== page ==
But we have a bit of fun as well. We go away for a management meeting every quarter and last quarter we did a murder mystery evening, which was fun - we were all dressed like Peaky Blinders. I got a beautiful coat from a charity shop which I loved wearing. You’ve got to have fun and play. We've taken the team out to tree tops, we've been paddle boarding, wine tasting, shooting, go-karting, fly-fishing... I'm aware we do drive the team quite hard so it’s important we have fun along the way.

We also keep the team and the management team motivated by looking ahead at what’s next. It becomes a personal challenge to then achieve that. The demand is high, but the commitment is high and I've selected people over the last 6, 7, 8 years specifically for their tenacity, their energy, their skillset, their drive and their self-motivation to achieve great things. If you've got a collective of those great people, then you've got group motivation and you've got a group dynamic to go out and achieve.

Murder Mystery 2023.jpg

How do you make time for the stuff that you love doing?


I don't need much sleep. I've never really needed much sleep. I’m very disciplined - I think it comes from my training. I'm very well trained and therefore I have a good physical tenacity and a good mental tenacity. You need to have both - one looks after the other. I also use my time wisely. If I went on holiday, it wouldn't be to laze around on the beach - that’s a waste of time for me. It has to be an experience like going on a safari in South Africa or going on a city break to Rome. ​​I want to always be learning, experiencing, doing. 

'What does a typical weekend look like for you?


Last weekend I was splitting logs in the rain by 9.30 in the morning. I had a bunch of family up so we all had breakfast early and we went out logging in the rain. I get everyone involved. Then I was carting my grandchildren around to wherever they needed to go - Basketball, friends houses etc.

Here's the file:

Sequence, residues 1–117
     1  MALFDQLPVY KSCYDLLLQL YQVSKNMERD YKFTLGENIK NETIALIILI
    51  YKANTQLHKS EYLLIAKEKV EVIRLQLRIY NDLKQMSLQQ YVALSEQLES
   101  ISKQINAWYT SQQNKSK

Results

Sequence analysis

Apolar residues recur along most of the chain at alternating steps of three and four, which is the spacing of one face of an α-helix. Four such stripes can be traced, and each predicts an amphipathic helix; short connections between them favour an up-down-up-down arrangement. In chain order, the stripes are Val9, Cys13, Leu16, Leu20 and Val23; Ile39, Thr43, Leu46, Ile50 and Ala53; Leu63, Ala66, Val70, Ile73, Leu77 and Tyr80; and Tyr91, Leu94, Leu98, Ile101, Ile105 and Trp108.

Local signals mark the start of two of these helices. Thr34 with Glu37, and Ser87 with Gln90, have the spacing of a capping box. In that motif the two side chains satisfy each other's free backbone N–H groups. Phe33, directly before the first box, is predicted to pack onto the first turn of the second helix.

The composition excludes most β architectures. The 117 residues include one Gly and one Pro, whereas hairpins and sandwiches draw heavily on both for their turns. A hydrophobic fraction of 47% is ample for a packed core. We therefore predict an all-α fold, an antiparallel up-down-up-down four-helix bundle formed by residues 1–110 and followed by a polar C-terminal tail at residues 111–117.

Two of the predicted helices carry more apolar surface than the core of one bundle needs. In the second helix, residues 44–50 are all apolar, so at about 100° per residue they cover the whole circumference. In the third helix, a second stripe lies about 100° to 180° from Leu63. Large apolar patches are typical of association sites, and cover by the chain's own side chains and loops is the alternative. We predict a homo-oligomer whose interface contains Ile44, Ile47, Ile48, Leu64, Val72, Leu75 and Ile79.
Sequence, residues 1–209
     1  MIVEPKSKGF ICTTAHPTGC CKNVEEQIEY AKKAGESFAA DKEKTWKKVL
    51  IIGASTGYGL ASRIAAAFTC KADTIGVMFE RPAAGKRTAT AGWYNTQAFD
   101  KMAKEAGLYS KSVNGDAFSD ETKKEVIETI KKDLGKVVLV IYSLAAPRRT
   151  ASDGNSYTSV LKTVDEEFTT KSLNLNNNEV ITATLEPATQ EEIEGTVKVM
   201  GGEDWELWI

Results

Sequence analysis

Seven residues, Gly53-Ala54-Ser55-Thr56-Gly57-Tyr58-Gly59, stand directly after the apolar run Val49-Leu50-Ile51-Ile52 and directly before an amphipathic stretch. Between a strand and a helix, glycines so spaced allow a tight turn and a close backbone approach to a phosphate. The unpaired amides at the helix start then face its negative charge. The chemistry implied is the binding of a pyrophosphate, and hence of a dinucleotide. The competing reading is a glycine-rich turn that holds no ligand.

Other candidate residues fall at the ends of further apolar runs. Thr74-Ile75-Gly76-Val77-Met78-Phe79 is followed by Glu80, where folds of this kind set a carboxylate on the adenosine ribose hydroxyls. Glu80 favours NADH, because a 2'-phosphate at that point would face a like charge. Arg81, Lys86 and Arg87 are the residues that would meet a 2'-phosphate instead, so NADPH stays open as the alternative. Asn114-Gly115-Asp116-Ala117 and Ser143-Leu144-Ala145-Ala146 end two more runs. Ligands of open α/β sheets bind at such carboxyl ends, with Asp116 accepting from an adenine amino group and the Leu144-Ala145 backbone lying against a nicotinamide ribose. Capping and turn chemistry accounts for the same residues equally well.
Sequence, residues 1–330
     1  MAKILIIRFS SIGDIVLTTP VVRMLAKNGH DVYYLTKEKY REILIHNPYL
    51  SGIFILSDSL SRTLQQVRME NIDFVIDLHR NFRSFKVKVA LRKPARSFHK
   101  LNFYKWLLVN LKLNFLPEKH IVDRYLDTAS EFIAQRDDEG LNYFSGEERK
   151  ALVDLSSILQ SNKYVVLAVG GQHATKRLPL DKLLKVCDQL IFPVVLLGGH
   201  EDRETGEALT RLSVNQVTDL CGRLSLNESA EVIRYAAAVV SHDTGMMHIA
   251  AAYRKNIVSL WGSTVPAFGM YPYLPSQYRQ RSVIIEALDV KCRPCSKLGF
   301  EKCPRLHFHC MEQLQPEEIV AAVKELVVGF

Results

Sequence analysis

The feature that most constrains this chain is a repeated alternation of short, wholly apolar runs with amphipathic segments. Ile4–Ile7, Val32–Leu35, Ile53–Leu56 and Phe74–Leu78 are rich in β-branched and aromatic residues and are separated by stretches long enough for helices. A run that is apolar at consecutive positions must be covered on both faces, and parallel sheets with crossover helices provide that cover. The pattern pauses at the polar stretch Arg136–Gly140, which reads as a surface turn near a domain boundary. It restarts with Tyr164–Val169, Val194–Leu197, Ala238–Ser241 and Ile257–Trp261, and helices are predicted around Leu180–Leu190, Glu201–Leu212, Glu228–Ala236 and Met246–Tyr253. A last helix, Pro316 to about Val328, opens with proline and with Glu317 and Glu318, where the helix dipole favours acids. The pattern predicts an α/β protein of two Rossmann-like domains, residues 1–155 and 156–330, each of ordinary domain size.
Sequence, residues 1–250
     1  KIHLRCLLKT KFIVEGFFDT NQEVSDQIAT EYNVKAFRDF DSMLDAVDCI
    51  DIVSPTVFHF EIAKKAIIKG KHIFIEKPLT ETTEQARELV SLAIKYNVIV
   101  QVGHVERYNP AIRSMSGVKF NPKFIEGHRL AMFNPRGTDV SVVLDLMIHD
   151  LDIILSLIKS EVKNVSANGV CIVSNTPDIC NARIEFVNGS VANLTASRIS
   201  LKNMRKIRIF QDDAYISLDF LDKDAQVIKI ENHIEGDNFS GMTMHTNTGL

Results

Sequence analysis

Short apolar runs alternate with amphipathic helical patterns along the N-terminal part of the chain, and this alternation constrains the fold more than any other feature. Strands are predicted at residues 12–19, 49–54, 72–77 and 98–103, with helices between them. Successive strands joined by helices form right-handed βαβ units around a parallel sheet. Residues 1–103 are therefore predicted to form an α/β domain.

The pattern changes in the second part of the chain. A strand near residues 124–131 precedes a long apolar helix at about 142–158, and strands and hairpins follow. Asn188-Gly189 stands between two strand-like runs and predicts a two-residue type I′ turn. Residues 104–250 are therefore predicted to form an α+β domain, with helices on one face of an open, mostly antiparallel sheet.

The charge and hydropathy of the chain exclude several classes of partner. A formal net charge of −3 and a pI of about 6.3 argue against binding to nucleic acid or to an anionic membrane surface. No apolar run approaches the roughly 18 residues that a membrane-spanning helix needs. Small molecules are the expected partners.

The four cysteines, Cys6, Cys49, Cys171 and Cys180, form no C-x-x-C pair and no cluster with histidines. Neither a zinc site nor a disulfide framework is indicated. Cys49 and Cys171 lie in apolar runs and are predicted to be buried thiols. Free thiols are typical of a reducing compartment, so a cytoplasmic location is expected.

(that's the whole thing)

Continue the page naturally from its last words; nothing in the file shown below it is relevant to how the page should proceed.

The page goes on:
We had a big dinner party that evening with 20 people there so that went on late.

I did four hours of sorting out fencing down by the forest on my paddocks. I do fencing or land management or tree management or logging for at least four or more hours every weekend because I'm preparing all the land for the chickens and sheep.

And then on a Friday / Saturday / Sunday evening, I'm always either at someone's for dinner or people are at mine for cards - I play everything you can think of; Bridge, Canaster, Texas Holden Poker, Wist - most card games in fact.

Stuart at home.jpg

If you weren’t running 15o8 what would you like to do?

I’d do a PHD in Politics and International Economics.


Favourite album? 



Cats or dogs? 




Your last meal

Starter - Prawn Cocktail

Main - anything with Broccoli. I love it and eat it every day. It keeps me young.

Dessert - Spotted Dick and Custard

Lastly, I'm interested to know, why are those leaves on your windowsill?


These are from a maple tree - absolutely beautiful - and when I first picked them up they were green. I’ve put them here on the windowsill to watch them change colour and slowly they’ve gone from green, to orange and red and now they’ve dried out completely but they’re still beautiful. I was going to make a picture out of them and put them in a frame to hang on my wall here in the office. A touch of nature. I love appreciating the small things, it gives me great pleasure.